22. An (Even More) Inconvenient Truth
    Why Carbon Credits For Forest Preservation May Be Worse Than Nothing

    In case after case, I found that carbon credits hadn’t offset the amount of pollution they were supposed to, or they had brought gains that were quickly reversed or that couldn’t be accurately measured to begin with. Ultimately, the polluters got a guilt-free pass to keep emitting CO₂, but the forest preservation that was supposed to balance the ledger either never came or didn’t last.

  23. “IF THE WORLD were graded on the historic reliability of carbon offsets, the result would be a solid F.

    The largest program, the Clean Development Mechanism, came out of the 1997 Kyoto Protocol, when dozens of nations made a pact to cut greenhouse gases. European leaders wanted to force industry to emit less. Americans wanted flexibility. Developing nations like Brazil wanted money to deal with climate change. One approach they could agree to was carbon offsets.

    The idea worked marvelously on paper. If a power plant in Canada needed to shave 10% off of its emissions but didn’t want to pay for technology upgrades, it could buy offsets from projects in the developing world. Investors planning to build a coal plant in India could instead decide to build a solar plant, using the money from the anticipated sale of carbon credits to cover the higher costs of developing solar power. The gap in emissions between the hypothetical coal plant and the actual solar farm would be converted to offsets. (Each credit is equal to the global warming caused by a metric ton of CO₂.)

    The program subsidized thousands of projects, including hydropower, wind and, infamously, coal plants that claimed credits for being more efficient than they would have been. CDM became mired in technical and human rights scandals, and the European Union stopped accepting most credits. A 2016 report found that 85% of offsets had a “low likelihood” of creating real impacts.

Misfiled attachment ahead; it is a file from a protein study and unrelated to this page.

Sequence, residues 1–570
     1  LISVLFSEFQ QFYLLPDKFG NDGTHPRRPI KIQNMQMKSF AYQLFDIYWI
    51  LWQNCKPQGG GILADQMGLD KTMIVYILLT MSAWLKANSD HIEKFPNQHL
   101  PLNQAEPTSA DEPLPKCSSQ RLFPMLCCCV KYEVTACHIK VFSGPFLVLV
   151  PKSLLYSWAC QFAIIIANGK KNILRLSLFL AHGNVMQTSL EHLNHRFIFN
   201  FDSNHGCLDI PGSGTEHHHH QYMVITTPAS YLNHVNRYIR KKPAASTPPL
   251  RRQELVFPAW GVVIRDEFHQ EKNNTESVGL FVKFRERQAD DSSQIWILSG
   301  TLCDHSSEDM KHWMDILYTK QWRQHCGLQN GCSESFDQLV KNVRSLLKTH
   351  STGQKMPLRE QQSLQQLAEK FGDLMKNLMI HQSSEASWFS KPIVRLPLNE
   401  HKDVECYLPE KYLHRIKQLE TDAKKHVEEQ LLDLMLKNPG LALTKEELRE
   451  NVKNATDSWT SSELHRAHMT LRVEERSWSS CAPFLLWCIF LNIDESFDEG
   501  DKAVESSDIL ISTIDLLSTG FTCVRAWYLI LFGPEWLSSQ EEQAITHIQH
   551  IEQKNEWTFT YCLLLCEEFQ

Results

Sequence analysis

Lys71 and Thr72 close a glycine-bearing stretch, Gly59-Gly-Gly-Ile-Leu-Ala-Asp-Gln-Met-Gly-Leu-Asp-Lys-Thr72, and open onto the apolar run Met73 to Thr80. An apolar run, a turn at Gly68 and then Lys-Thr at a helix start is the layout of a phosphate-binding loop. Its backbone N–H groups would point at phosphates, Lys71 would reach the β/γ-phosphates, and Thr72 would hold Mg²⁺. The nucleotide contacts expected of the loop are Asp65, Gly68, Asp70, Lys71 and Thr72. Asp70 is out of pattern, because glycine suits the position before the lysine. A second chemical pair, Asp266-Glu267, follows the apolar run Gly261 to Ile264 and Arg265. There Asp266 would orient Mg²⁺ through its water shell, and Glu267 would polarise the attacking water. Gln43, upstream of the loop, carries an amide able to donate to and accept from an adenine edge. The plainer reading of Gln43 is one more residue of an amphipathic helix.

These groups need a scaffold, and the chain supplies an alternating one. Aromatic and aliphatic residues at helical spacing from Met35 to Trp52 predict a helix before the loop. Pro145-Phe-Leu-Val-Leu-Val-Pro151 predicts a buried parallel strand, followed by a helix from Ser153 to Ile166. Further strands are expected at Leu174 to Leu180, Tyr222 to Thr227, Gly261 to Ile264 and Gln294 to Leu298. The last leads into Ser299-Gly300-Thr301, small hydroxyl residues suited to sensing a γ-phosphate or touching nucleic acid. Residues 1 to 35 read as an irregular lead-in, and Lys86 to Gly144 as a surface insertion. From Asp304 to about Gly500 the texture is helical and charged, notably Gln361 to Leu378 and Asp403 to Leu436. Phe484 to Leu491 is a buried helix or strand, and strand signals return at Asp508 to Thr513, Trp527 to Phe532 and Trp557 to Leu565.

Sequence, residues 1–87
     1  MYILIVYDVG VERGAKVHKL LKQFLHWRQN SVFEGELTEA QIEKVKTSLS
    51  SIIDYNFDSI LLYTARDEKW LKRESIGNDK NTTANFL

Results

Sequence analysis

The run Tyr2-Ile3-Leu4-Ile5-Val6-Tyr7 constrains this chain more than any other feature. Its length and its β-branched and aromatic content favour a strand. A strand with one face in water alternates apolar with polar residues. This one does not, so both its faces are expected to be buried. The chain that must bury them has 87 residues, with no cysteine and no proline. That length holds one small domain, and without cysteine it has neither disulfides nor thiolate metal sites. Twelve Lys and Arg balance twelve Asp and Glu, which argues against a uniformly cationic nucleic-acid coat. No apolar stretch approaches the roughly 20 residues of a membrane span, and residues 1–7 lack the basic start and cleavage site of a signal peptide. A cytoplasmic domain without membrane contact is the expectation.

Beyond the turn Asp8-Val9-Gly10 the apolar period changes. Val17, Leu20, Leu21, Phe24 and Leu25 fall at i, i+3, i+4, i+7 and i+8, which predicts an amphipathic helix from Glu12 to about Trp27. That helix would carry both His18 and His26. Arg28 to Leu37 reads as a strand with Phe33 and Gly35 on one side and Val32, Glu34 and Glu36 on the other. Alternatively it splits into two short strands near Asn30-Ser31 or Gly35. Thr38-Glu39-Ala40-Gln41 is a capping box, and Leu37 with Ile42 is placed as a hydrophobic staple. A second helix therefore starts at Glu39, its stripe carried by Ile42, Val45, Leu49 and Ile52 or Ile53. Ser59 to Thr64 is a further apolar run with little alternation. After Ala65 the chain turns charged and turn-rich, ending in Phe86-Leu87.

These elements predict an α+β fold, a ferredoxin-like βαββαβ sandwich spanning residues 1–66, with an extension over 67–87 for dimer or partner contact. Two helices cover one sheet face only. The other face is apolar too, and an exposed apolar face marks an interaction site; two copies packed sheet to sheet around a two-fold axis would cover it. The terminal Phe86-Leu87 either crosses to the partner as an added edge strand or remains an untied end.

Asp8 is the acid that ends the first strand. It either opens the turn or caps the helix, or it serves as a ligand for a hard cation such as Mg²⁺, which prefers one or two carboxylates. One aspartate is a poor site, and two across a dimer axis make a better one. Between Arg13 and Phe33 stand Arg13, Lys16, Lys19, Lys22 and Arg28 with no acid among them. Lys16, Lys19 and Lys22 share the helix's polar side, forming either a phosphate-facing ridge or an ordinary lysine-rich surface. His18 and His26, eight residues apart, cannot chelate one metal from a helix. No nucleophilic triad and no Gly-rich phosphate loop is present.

Another global program, Joint Implementation, has a similar track record. A 2015 paper found that 75% of the credits issued were unlikely to represent real reductions, and that if countries had cut pollution on-site instead of relying on offsets, global CO₂ emissions would have been 600 million tons lower.”

  24. Another complaint is that many of the offsets airlines can buy are ineffective. A report in November last year by the NewClimate Institute and the Stockholm Environment Institute, two think-tanks, found that 80% of corsia’s potential offsets are unlikely to have any additional benefit to the climate. Since then icao has, to its credit, limited the availability of junk offsets in the scheme, though green campaigners say it has not gone far enough.

    Offsets’ bargain prices also suggest something is amiss. In 2018 the average price in the “voluntary market” (outside of mandated schemes) was $3 per tonne of CO2, about a sixth of the carbon price in the eu emissions-trading scheme. Last year EasyJet, a British low-cost carrier, announced plans to offset all its annual emissions. This will cost it a footling $32m. New offest projects created in anticipation of corsia boosted supply, which is expected to be four times higher than demand.